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Besides the thermal tests, we also checked the overclocking potential of the new Prescott CPU. This experiment will give us some idea of the frequency potential in C0 core stepping of the new Prescott processors. For our tests we took Pentium 4 (Prescott) with the nominal frequency of 3.2GHz. We didn’t use any special cooling solutions, besides a traditional boxed cooler. Top achieve better results we increased the processor Vcore to 1.475V.

During our overclocking experiments we managed to raise the FSB frequency from the nominal 200MHz to 225MHz, so that the CPU got overclocked to 3.6GHz.

I wouldn’t call this result impressive. Especially taking into account that Intel claims the frequency potential of up to 4.5GHz. But note that this is only one of the very first core steppings. As the manufacturing technology improves, ongoing core revisions designed for LGA 775 Prescott versions will boast much higher overclocking potential, for sure.

Besides, I should also say that we could have achieved better results during our overclocking attempts if we had used some more advanced cooling solutions. When the CPU worked at 3.6GHz it warmed up to 68-70oC. The maximum Tcase temperature for Prescott based CPUs makes 73.5oC. This way there is no doubt that overclocking was limited by the fast growing temperature of the processor core. So, some extreme overclocking fans, who have water cooling or cryogen cooling systems at their disposal, will be able to squeeze much more MHz out of their Prescott based CPUs.

A Bit of Performance Tests

Winding up our introductory article to the new Intel Prescott processor core and its features we decided to run a few benchmarks, which will give you some idea about the performance of the CPUs based on the new core. We took a popular SiSoft Sandra 2004 test package, because it contains a few simple algorithms, which can involve or not different functional units of the processor upon the user’s request. Besides, these tests are so simple that they do not depend on the size and performance of the L2 cache-memory as well as on the efficiency of the memory subsystem. In other words, other system components do not impose any influence on the CPU performance during the tests.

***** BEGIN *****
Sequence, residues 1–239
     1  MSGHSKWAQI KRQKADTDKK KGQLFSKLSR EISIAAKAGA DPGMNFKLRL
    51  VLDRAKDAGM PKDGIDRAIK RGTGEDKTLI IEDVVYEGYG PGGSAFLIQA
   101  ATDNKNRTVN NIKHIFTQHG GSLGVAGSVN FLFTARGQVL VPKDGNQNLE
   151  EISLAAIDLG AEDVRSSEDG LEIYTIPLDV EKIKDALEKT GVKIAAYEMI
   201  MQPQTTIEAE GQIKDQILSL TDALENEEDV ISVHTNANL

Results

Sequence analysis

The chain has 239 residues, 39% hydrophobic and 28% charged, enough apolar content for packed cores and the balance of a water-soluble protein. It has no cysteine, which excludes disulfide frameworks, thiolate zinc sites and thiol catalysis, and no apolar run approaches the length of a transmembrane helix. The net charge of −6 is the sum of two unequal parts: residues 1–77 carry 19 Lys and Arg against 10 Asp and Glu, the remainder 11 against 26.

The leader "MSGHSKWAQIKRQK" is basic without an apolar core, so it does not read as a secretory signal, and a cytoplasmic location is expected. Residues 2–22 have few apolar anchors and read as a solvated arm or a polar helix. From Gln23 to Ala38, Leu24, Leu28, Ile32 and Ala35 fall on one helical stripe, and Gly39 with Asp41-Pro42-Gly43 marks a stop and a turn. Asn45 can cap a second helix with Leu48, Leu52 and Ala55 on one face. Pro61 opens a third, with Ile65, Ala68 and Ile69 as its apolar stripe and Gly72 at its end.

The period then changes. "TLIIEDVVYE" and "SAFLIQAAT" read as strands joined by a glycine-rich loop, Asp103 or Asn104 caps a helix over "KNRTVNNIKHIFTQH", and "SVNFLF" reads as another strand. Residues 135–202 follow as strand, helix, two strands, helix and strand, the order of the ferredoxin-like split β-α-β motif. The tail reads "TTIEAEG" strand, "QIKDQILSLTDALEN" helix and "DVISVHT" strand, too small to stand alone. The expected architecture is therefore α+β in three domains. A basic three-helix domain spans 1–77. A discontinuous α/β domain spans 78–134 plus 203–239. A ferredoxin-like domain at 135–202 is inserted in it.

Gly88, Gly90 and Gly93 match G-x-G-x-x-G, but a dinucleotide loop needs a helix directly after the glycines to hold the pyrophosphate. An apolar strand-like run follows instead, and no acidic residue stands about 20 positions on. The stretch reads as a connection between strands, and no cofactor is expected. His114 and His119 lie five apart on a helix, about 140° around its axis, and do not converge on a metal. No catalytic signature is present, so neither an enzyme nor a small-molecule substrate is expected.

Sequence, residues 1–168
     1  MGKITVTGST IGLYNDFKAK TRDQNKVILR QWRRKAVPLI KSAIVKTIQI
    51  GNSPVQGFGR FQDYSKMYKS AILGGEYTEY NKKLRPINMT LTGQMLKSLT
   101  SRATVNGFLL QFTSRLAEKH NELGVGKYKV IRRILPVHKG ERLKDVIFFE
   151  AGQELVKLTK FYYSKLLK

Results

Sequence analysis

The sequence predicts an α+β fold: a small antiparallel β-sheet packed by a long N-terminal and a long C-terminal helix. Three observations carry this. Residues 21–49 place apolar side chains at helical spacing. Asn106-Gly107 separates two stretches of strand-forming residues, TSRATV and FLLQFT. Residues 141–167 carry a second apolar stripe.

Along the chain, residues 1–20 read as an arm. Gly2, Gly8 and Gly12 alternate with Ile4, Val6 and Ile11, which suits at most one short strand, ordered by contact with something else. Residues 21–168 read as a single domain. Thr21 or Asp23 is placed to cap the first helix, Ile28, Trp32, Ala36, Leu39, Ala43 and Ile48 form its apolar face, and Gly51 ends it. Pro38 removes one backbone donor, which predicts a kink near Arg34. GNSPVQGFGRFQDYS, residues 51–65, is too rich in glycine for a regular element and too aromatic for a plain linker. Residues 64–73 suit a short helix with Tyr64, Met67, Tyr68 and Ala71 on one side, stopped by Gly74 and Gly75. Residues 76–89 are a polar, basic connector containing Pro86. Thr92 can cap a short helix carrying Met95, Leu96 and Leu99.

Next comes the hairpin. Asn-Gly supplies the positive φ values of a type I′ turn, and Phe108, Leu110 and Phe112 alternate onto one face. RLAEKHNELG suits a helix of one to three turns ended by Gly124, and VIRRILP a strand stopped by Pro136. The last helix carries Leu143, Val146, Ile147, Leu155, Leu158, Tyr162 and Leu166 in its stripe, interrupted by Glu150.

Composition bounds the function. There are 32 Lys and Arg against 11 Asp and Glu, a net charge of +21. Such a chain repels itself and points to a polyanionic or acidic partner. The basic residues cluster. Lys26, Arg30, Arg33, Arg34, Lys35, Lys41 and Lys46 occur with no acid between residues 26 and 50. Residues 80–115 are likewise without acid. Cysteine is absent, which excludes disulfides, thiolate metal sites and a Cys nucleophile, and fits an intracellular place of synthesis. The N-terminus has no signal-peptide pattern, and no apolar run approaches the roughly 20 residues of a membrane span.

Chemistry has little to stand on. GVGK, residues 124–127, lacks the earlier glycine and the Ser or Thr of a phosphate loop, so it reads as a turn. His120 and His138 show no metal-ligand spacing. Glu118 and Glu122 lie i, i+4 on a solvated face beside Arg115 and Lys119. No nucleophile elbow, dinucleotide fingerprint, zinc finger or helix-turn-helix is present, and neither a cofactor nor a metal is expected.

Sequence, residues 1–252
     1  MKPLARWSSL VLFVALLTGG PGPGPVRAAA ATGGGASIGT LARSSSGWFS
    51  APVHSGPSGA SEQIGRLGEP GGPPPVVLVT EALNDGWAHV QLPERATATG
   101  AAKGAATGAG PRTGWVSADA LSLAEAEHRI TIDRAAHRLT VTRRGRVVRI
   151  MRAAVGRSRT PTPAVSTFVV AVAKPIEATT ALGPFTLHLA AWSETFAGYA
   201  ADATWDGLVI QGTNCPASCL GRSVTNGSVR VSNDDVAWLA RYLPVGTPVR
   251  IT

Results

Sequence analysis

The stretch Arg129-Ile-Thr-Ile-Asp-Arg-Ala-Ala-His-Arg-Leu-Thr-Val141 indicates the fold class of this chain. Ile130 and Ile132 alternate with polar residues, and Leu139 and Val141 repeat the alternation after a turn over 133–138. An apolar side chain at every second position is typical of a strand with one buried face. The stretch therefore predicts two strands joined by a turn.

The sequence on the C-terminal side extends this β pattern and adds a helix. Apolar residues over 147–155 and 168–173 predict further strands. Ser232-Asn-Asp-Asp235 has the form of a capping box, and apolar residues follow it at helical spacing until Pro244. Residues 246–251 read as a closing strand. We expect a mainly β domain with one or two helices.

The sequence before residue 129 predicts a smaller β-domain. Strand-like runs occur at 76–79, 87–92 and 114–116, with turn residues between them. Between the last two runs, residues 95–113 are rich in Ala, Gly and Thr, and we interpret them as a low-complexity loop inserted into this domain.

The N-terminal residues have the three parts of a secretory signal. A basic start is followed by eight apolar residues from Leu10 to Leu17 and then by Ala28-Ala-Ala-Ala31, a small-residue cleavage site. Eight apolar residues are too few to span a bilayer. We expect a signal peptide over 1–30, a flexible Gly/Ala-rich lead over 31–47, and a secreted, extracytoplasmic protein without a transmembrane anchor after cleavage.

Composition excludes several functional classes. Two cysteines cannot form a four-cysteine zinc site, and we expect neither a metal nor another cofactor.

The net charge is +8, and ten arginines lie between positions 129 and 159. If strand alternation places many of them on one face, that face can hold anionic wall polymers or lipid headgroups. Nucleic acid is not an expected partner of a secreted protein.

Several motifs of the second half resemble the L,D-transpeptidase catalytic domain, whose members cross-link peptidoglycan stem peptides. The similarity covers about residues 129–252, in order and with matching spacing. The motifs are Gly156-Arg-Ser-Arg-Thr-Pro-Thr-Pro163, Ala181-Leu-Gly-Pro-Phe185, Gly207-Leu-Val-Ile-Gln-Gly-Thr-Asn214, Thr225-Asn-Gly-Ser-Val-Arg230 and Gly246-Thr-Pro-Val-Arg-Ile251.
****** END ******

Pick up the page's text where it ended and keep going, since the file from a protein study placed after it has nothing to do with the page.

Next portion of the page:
We will test Pentium 4 (Prescott) and Pentium 4 (Northwood) working at 3.2GHz core frequency. The table below contains the results obtained in SiSoft Sandra 2004 measuring the processor performance when building the Mandelbrot set:

 

Pentium 4 (Northwood)

Pentium 4 (Prescott)

Hyper-Threading Enabled

Hyper-Threading Disabled

Hyper-Threading Enabled

Hyper-Threading Disabled

Integer SSE2

24520

19890

22637

18114

Float SSE2

35492

23542

30468

20693

Integer SSE

19923

17674

19480

16756

Float SSE

33280

24764

29260

20843

Integer MMX

14791

13158

14877

12481

Float FPU

6470

3281

5780

2966

Integer ALU

9198

7101

16033

11686

We will not perform any indepth analysis of these results, as they are mostly intended to give us a general idea of the CPU performance. We will discuss the performance of the new Prescott based processor in a different article, where you will see the whole bunch of tests. Here I would only like to say that the performance of Prescott’s functional units responsible for FP/MMX/SSE/SSE2 instructions didn’t get any better compared with Northwood. Lower results obtained for FP/MMX/SSE/SSE2 unit of the Prescott processor were caused by higher L1 cache latency in the first place. Note that Prescott’s performance with ALU’s involved is higher than the performance of a Northwood based processor in the same test. This victory can be explained by the above described architectural enhancements, namely faster multiplication processing, which is essential during Mandelbrot set calculations.

 
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